This was just a spectacular year for film, dear blog readers. Even the blockbusters were better than they had any right to be. Self enjoyed Pacific Rim and The Hunger Games: Catching Fire and The Hobbit: The Desolation of Smaug. But she also watched a lot of smaller films that moved her, like The Way, Way Back and Joss Whedon’s Much Ado About Nothing and Nebraska.
Self was really looking forward to seeing Charlie Hunnam in Fifty Shades of Grey (She hasn’t read the book but Hunnam showed plenty of charisma in Pacific Rim). He backed away from the role and that, she feels, is just too bad.
But the movie whose scenes self just cannot get out of her mind (and she has no intention of ever watching it again; the experience is just too harrowing) is 12 Years a Slave: She remembers the way it began, the awfulness of the sex scene, the anguish on the face of both people, and then the fade-away to a memory of real physical intimacy between a man and a woman who obviously love each other. That was, in a nutshell, how good the movie was at showing the erasure of the main character’s identity.
Self will never forget the slave girl, Patsey, portrayed by Lupita Nyong’o with such intensity and conviction. Self felt the movie was as much hers as it was Chiwetel Ejiofor’s.
Self couldn’t get over the fact that the last time the viewers see Patsey is when Solomon, her best friend, is being taken away (“freed”) from the plantation, and she calls out his name sharply, realizes she will never see him again, and drops away in a dead faint. What is going to happen to her? The movie never returns to that plantation. In all the terrible moments in the movie, self thinks that moment, the last glimpse of Patsey, in a dead faint, is the most terrible. The question it poses can never be answered. And it fills self with such dissatisfaction. Isn’t the fate of that woman just as terrible — no, more terrible — than Solomon’s? Yes, it is.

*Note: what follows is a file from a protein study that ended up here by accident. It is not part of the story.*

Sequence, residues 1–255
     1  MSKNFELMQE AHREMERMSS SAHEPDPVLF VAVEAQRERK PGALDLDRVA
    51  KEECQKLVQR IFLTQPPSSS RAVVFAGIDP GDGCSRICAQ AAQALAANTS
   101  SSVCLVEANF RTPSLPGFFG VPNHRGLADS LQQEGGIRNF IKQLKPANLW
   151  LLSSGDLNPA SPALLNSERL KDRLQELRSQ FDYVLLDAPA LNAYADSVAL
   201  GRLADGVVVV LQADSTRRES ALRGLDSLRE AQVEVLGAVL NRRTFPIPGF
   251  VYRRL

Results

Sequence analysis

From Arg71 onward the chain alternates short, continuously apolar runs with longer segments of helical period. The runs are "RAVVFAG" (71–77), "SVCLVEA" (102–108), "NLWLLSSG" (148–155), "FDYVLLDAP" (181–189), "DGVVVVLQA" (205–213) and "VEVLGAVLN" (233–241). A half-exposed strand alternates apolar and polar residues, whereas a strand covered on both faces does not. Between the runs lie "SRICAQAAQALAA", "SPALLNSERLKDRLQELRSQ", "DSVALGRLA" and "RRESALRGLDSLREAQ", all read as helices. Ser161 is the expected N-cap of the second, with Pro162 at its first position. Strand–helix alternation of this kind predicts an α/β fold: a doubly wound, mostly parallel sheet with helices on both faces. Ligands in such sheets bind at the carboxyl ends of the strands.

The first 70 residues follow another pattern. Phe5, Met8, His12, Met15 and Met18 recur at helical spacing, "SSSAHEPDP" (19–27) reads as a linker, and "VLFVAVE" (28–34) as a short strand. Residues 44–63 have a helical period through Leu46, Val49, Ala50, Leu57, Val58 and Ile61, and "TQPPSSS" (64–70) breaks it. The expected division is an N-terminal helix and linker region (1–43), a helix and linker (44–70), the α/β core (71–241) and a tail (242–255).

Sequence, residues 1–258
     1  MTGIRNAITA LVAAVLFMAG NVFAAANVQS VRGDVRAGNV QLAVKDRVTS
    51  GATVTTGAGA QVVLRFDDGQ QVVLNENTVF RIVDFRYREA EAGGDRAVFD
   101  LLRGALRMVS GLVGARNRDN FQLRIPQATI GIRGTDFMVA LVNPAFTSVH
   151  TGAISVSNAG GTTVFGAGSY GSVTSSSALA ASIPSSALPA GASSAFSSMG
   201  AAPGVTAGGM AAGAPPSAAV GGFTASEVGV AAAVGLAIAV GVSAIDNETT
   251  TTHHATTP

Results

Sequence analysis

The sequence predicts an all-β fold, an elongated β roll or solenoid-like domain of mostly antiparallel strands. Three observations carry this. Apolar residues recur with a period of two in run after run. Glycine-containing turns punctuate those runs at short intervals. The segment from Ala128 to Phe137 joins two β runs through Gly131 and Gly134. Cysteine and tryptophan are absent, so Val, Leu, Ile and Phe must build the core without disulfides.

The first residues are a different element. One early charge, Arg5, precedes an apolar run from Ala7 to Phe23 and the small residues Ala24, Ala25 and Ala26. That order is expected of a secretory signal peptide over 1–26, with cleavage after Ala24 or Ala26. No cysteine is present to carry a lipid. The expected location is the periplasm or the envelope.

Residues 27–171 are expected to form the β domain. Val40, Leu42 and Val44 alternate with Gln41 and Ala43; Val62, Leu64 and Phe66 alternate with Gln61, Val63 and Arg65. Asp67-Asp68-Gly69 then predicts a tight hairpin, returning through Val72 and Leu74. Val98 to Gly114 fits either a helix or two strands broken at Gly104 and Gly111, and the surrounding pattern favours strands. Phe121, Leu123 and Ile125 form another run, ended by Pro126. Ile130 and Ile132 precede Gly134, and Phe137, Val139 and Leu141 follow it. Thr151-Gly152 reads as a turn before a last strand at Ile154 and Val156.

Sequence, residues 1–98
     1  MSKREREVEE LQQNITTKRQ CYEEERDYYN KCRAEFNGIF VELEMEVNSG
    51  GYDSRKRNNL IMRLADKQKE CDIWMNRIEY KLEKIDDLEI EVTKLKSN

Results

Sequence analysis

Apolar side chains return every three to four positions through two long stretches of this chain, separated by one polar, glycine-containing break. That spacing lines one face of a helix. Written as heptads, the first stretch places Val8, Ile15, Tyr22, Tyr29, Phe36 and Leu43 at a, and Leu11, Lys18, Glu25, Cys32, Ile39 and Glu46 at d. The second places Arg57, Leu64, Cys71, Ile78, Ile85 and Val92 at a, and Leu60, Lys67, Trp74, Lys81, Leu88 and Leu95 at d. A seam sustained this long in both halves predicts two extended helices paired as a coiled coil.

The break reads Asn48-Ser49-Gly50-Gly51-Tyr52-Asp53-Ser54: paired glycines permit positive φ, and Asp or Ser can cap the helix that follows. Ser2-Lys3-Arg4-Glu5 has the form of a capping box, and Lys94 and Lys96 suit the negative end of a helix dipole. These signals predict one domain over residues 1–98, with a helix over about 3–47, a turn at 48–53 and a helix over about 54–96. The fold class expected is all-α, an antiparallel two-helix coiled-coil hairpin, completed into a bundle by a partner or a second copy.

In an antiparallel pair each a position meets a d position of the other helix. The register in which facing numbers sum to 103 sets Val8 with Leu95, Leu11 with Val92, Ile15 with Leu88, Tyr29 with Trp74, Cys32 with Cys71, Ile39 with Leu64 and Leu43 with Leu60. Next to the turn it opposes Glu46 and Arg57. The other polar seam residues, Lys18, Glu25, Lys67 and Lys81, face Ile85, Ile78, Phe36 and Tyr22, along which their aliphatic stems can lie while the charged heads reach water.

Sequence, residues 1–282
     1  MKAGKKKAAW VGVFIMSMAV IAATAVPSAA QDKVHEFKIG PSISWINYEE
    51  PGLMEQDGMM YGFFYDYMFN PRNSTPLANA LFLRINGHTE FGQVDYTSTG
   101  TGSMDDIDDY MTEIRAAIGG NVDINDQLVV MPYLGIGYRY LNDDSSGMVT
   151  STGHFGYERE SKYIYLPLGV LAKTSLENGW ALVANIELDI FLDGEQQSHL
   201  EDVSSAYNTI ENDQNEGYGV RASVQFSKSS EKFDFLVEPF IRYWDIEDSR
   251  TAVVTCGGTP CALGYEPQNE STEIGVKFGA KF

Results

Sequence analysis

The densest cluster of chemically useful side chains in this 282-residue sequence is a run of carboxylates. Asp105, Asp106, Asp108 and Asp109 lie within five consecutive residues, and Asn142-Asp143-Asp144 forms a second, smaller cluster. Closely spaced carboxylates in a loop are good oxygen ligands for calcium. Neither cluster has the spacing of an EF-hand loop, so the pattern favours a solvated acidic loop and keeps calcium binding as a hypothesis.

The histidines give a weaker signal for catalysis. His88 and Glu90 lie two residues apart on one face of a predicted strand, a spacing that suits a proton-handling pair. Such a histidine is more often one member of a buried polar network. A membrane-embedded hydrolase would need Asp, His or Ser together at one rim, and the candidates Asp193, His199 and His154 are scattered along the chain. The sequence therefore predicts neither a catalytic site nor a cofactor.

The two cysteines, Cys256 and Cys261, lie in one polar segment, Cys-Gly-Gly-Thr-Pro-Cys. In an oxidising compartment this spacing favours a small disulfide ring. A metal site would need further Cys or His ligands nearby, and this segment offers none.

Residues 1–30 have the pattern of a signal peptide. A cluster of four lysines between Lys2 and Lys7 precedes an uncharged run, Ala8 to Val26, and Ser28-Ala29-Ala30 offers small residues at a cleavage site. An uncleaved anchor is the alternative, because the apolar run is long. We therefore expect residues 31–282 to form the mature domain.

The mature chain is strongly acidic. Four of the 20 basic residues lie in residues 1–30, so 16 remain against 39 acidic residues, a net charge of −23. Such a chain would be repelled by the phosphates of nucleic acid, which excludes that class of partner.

The other scene in the movie she can’t seem to erase from her mind is the one of a drawing room, where elegant men and women wander around, remarking on the stark naked slaves displayed in abject humiliation in the various rooms. The women titter, not ashamed to look at the slaves’ bodies, and the men leer at the women, and it is just — unspeakable. Unspeakable! It made self so angry.
She knows of course that slavery is an abomination that didn’t necessarily, in many parts of the world, have anything to do with race. A conquered people became the conqueror’s slaves. In her home country, the Philippines, there are records of slavery — the victorious tribe using its prisoners as slaves. But the scene in 12 Years a Slave was about hypocrisy, and cruelty. It’s seared forever in her memory.
There were so many other scenes that stayed with her: June Squibb’s scenes in Nebraska, Sandra Bullock in boy-shorts curling up like a fetus (for some reason, self liked Bullock best in the scenes where she wasn’t talking so much), all Peeta’s scenes in The Hunger Games: Catching Fire (after seeing the movie, self re-read the books in the space of one weekend).
It was really a great year for film, which makes self exceedingly happy.